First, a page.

Mini-THONs raise nearly $5.8 million for childhood cancer treatment, research

Students from hundreds of school districts in Pennsylvania, Delaware, New Jersey, Maryland and Virginia raised almost $5.8 million in the fight to conquer childhood cancer to benefit Four Diamonds at Penn State Health Children’s Hospital, it was announced Friday.

The fundraising total from the 2021-22 school year was revealed at the annual Four Diamonds Mini-THON Summit.

Throughout the academic year, student leaders and volunteers from 208 school districts in the five states organized and hosted Mini-THON fundraisers and events. The total more than doubles the previous year’s amount, which was hurt by the pandemic.

Mini-THON is a Four Diamonds program coordinated by K-12 students and is modeled after the Penn State IFC/Panhellenic Dance Marathon that benefits Four Diamonds.

The fundraising supports Four Diamonds families at the Children’s Hospital, which is in Hershey, through world-class care and financial support and ground-breaking research for new treatments and cures for childhood cancers.

Since it began 29 years ago, the Mini-THON program has contributed more than $58 million to Four Diamonds.

“We are so grateful for the remarkable young leaders whose energy, enthusiasm and unwavering dedication to conquering childhood cancer drive the Mini-THON movement,” Suzanne Graney, executive director of Four Diamonds, said in a release. “Each student leader is inspiring and empowering their student body and their community to join us as our partners in the fight to end childhood cancer for all kids around the world.”

Paula Wolf is a freelance writer

Four Diamonds funds new cancer innovation center

Dr. Chandrika Gowda, left, collaborates with Dr. Sinisa Dovat on research at Penn State College of Medicine, in this photo taken prior to the pandemic. PHOTO PROVIDED

Penn State Health Children’s Hospital and Penn State College of Medicine, in Hershey, have approved creation of the Four Diamonds Center for Childhood Cancer Innovation, an expansion of Four Diamonds’ work to cure pediatric cancers.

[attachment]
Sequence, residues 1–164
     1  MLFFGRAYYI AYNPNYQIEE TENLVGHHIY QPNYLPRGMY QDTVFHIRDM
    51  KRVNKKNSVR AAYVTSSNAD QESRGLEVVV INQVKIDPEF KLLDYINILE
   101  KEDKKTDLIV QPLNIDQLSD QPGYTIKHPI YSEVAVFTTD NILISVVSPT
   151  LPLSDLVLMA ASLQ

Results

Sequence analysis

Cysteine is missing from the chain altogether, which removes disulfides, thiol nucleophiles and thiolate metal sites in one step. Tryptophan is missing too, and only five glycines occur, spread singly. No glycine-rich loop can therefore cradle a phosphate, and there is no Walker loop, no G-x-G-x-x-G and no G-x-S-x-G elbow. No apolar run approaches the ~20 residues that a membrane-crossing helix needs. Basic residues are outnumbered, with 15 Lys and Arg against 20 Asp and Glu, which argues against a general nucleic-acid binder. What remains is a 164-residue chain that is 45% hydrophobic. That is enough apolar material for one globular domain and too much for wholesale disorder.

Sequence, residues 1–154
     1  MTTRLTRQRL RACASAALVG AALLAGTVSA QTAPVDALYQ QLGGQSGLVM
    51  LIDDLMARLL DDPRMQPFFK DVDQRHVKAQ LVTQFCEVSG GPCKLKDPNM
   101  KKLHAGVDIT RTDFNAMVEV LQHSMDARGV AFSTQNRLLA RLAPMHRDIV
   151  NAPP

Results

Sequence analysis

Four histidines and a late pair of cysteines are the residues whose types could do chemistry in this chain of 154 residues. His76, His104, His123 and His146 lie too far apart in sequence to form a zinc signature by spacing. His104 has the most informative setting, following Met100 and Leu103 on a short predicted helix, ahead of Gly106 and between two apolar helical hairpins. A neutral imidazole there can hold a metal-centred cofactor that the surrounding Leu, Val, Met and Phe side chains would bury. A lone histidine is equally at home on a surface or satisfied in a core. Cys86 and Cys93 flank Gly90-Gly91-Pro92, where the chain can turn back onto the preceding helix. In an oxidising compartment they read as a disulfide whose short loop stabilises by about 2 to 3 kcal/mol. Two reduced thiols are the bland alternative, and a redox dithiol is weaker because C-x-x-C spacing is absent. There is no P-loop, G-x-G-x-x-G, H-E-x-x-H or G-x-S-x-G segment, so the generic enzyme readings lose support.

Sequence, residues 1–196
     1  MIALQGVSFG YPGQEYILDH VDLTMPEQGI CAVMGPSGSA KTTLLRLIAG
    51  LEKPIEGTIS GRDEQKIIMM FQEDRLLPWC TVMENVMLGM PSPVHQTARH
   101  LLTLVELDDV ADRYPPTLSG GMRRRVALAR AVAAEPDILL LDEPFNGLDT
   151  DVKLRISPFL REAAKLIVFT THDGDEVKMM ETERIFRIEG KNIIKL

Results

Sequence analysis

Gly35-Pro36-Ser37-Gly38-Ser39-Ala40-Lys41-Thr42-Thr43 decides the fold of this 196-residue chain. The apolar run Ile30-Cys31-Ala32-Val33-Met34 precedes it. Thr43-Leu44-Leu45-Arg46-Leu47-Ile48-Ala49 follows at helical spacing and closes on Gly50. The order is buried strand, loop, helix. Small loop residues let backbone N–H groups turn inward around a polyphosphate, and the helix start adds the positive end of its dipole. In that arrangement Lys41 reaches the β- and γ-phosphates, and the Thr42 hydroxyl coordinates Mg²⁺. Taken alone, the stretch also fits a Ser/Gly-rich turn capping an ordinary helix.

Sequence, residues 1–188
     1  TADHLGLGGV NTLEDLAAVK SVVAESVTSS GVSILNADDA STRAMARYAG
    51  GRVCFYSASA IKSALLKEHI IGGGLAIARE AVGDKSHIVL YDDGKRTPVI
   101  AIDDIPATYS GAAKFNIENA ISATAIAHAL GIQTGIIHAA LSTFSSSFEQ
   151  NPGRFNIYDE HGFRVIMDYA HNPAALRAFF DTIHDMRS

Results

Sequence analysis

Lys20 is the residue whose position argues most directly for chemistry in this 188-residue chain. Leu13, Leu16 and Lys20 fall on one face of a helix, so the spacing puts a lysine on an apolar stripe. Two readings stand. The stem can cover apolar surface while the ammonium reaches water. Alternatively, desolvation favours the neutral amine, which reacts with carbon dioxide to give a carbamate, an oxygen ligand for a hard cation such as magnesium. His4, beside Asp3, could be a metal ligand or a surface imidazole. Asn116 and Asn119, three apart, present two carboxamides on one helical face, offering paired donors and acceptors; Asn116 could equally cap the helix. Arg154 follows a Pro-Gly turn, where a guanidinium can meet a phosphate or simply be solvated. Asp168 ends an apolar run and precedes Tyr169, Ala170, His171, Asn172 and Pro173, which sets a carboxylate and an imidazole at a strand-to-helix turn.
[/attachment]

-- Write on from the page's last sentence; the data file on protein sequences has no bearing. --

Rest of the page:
Part of a multi-year strategic plan, the virtual center commits to use $24 million, through the Division of Pediatric Hematology and Oncology, from fundraising efforts by Four Diamonds, including Penn State’s THON.

The center fits with Four Diamonds’ mission to provide comprehensive support to children and their families, including paying for 100% of medical expenses related to cancer care not covered by insurance for eligible Four Diamonds children, while expanding clinical research.

A release explained that the center will build upon the work of Four Diamonds in patient care; collaborative opportunities between the Division of Pediatric Hematology and Oncology and the Penn State Cancer Institute; and competitive research grants.

In the patient care area, the center will strive to more precisely identify cancers and develop more personalized treatments that lead to better cure rates and survivorship.

Dr. Yatin Vyas, a pediatric oncologist and chair of the Department of Pediatrics at Penn State Health Children’s Hospital, will oversee the center’s work.

“We are thrilled to continue and expand on Four Diamonds’ pursuit to find a cure for all pediatric cancers,” Vyas said in the release. “We believe philanthropy can ultimately help accelerate the timeline for clinical research and help our investigators discover and get treatments to patients faster. Everyone benefits from a higher level of collaboration, and we are grateful to the generous donors who make this life-saving work possible.”

Paula Wolf is a freelance writer

Childhood Cancer Awareness Month: ‘Why this child? Why at all?’

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On June 28, 2017, my husband Joe and I received the fateful news that our daughter Sophia, aka Wonder Woman, had a mass on her brain.

This news came after weeks of Sophia being sick off and on; after numerous desperate trips to the pediatrician for answers; after a great deal of blood work with the only indication being celiac disease (this Mama Bear knew celiac was not causing her daughter to be so sick); after we took Sophia to the ER at Penn State Hershey Medical Center on June 24 because she was severely dehydrated (we haven’t left); after an endoscopy was done to confirm celiac (in the end it still isn’t clear if she has it or not); and after a bad night of sleep with a headache that Tylenol didn’t touch led Sophia’s GI team to call for an MRI of the brain.